Origins of Feminism – Feminism Essay Sample
Feminism is a set of movements and ideologies aimed at creating and protecting women’s equal political, economic, and social rights. This includes the desire to establish equal opportunities for women in education and employment. A feminist is a person who is a supporter of women’s equality rights.
It is believed that feminism was created on the basis of the social utopias of Saint-Simon, Fourier, Owen, and other similar thinkers of that era. But the main founder of the feminism known to the world was Friedrich Engels, who in his work The Origin of the Family, Private Property, and the State defined the oppression of women as the most ancient and rigid form of oppression in the history of mankind. Thus, feminism was a kind of Marxism, communism, another totalitarian reorganization of society for the elect.
It was believed that as soon as women received the right to vote, women and other women-elected leaders could quickly be on the board. The subsequent collapse of such hopes was the first major disappointment of feminism, which came to the crisis and the fall of the first wave of feminism of the 20th century. However, in the end, a historical image of feminism was created, which fights for equal rights for women.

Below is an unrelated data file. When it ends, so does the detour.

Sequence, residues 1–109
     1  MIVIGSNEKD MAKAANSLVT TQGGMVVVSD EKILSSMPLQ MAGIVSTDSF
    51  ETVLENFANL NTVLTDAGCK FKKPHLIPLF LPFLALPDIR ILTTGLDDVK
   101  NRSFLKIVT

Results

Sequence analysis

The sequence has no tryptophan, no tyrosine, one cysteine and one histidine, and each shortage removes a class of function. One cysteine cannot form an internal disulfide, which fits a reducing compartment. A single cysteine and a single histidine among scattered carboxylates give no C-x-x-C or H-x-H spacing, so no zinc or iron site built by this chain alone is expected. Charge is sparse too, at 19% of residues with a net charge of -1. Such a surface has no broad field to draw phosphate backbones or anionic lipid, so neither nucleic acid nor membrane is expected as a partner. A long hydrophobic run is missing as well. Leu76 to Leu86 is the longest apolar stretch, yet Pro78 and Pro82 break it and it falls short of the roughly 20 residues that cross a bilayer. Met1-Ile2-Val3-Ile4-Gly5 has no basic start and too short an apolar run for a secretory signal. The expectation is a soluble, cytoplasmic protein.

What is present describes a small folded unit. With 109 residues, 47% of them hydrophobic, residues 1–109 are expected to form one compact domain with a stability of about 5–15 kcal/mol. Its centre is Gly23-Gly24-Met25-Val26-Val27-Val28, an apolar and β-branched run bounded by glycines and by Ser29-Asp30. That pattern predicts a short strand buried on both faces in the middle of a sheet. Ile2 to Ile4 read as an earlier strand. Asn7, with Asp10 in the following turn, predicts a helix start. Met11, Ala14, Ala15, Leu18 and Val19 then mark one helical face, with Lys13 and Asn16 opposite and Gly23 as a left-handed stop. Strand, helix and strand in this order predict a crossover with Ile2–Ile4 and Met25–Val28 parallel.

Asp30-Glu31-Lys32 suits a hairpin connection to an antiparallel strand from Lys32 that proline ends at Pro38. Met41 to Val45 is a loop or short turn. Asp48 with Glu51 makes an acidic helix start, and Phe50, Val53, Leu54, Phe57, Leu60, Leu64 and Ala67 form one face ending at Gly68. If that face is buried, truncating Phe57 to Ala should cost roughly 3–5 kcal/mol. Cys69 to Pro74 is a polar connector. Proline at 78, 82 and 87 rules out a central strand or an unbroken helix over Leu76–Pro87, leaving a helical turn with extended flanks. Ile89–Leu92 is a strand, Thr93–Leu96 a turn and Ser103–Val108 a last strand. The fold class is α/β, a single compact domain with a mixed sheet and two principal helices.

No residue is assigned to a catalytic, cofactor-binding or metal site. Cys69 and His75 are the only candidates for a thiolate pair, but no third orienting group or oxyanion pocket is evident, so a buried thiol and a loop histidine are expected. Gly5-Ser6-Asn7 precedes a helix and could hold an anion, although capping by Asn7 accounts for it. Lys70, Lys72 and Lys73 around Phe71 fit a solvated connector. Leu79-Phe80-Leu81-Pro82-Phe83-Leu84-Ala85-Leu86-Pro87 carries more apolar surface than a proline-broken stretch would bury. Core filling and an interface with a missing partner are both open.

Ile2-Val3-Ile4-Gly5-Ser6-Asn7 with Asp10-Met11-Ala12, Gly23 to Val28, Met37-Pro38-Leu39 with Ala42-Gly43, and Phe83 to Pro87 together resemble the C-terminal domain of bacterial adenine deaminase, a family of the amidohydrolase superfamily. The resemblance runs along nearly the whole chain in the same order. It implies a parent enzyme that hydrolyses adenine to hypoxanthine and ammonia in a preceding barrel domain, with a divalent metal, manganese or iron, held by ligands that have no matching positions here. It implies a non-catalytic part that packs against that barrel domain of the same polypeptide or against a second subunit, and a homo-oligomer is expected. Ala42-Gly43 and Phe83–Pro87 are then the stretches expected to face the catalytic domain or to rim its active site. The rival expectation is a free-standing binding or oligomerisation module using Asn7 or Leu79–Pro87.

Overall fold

The Second World War and the subsequent restoration pushed feminism to the background. The received shock from the war and the deficit of men made regular traditional relations relevant. But experience, when millions of women throughout the western world replaced men in factories and plants, will still be in demand by activists of the women’s movement, but so far women willingly left jobs to men and returned to the role of housewives.
An ancestor of the second wave of feminism is Betty Friedan with her book The Feminine Mystique. Leftist Marxist ideas stirred the heads of Western youth, which they thought would be a chance to change the “rotten world of capitalism.” At this time, Michel Foucault appears with his revolutionary idea of “there is no sex.”